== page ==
• The amount and type of information the issuer has on the purchaser; and
  • The nature and terms of the offering, and the manner in which the purchaser was solicited.

For example, the adopting release notes that where the terms of an offering include a significant minimum investment requirement, an investor’s ability to satisfy this minimum “could be a relevant factor to the issuer’s evaluation of the types of steps that would be reasonable” to verify that investor’s accredited investor status.

In response to a number of comments to the proposed rule, the SEC created in the final rule some certainty for issuers conducting a Rule 506(c) offering by establishing four optional methods for verifying accredited investor status that, if used, will satisfy the verification requirements of Rule 506(c). These methods include:

  • Reviewing IRS documentation showing an investor’s income and obtaining a written representation that the purchaser is likely to continue to meet the accredited investor income requirements;
  • Reviewing copies of bank and brokerage statements and/or other financial records as evidence of the investor’s assets, and consumer credit reports as evidence of indebtedness, and obtaining a written representation from the investor that all indebtedness needed for the accredited investor determination has been disclosed;
  • Obtaining written confirmation from a broker-dealer, registered investment adviser, attorney or CPA that such person has taken reasonable steps to verify the investor’s status as an accredited investor; and
  • Issuers that previously conducted a Rule 506(b) offering and are now conducting a Rule 506(c) offering can relying on the written certification as to accredited investor status of an existing investor making a new investment in the Rule 506(c) offering.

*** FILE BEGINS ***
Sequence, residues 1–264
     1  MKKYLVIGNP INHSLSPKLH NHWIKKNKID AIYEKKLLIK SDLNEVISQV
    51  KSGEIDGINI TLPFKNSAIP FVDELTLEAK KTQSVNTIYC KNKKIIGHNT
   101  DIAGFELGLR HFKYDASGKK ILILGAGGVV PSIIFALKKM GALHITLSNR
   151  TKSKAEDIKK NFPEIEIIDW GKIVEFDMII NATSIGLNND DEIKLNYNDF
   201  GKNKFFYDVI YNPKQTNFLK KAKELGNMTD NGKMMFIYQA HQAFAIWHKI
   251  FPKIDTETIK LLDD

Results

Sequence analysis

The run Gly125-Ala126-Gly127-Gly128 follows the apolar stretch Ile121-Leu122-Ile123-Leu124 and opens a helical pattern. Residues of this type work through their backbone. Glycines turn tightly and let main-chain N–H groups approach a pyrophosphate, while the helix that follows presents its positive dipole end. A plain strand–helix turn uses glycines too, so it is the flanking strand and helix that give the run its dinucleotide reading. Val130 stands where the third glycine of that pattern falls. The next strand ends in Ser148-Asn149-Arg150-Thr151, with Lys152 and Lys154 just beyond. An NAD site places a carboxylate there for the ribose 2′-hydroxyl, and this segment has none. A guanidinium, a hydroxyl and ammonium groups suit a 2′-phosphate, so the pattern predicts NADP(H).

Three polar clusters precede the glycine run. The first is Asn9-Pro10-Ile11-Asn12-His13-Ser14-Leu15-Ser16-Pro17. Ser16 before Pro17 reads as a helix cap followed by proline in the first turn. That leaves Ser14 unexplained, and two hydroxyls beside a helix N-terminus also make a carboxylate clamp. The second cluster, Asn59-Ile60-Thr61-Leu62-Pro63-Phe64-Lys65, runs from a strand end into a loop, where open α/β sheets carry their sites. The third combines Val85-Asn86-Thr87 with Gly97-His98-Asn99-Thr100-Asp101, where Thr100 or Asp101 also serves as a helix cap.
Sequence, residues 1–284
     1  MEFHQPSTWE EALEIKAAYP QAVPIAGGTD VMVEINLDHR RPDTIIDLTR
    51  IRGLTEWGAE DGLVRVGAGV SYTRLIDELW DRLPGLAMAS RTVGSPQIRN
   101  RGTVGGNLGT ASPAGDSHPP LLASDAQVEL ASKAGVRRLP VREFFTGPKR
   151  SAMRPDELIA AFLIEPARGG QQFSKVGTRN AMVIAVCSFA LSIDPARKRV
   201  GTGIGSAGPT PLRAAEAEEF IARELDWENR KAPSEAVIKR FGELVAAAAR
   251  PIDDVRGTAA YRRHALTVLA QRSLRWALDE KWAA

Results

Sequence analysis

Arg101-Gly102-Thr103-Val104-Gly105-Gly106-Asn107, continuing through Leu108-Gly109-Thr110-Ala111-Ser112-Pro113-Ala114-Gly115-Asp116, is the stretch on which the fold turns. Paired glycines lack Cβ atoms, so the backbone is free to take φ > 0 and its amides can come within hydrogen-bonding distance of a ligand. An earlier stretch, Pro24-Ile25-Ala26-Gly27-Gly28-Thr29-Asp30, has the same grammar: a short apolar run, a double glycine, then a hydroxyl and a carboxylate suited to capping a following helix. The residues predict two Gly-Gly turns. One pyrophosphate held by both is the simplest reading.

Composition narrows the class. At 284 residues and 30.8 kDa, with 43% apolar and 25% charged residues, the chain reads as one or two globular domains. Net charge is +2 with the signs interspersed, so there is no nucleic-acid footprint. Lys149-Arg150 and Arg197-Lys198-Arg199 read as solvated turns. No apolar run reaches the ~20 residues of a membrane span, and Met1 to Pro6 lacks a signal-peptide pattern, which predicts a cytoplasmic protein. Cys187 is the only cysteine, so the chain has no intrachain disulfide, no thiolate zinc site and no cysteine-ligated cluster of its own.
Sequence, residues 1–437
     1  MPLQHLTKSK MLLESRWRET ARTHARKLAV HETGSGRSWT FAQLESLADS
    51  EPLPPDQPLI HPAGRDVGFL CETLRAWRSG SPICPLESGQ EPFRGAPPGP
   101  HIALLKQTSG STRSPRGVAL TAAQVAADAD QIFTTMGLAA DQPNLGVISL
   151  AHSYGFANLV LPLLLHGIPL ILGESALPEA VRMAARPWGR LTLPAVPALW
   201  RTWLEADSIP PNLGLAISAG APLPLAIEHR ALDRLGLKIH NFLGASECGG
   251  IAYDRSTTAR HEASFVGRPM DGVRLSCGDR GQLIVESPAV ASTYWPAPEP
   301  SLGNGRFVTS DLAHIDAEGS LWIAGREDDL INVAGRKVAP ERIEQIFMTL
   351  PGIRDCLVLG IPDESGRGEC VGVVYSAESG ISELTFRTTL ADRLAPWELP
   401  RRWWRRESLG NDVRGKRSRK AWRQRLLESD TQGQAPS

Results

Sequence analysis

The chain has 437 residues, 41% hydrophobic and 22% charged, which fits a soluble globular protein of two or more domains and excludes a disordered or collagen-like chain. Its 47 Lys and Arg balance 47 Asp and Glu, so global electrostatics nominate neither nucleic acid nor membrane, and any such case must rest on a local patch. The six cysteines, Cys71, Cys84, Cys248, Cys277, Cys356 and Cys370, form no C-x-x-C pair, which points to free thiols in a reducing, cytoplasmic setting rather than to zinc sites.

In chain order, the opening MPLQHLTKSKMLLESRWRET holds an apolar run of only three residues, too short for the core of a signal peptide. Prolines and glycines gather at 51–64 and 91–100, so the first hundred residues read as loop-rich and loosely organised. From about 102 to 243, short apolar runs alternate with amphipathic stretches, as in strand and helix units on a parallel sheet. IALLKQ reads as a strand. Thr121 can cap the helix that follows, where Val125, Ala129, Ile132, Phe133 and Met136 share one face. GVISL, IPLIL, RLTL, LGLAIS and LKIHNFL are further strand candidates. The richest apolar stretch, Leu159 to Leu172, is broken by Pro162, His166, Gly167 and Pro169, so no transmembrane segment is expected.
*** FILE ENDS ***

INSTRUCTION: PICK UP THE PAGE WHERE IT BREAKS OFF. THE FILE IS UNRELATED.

Implications for Private Funds

For private investment funds relying on the exclusions from the Investment Company Act of 1940 (the 1940 Act) provided by Sections 3(c)(1) and 3(c)(7) of that act, the SEC confirmed in the adopting release that conducting a Rule 506(c) offering will not cause the fund to lose its exclusion under the 1940 Act, which prohibits such excluded issuers from making a public offering of its securities.

Rule 144A

The final rule also amends Rule 144A to permit “offers” to be made through general solicitation to persons not meeting the definition of a “qualified institutional buyer” (QIB). However, even as amended, resales under Rule 144A can still only be made to a QIB (or to a person the seller reasonably believes to be a QIB).

Form D and Related Regulation D Releases

The final rule amends Form D to include a new box to check by issuers conducting a general solicitation Rule 506(c) offering. This change is in addition to certain other changes to Form D made in a companion release also issued on July 10. Finally, on the same day, the SEC issued a third release relating to Regulation D which implements the provisions of the Dodd-Frank Wall Street Reform and Consumer Protection Act relating to the prohibition of the use of Rule 506 by “felons and other bad actors.” These two companion releases are summarized by clicking here.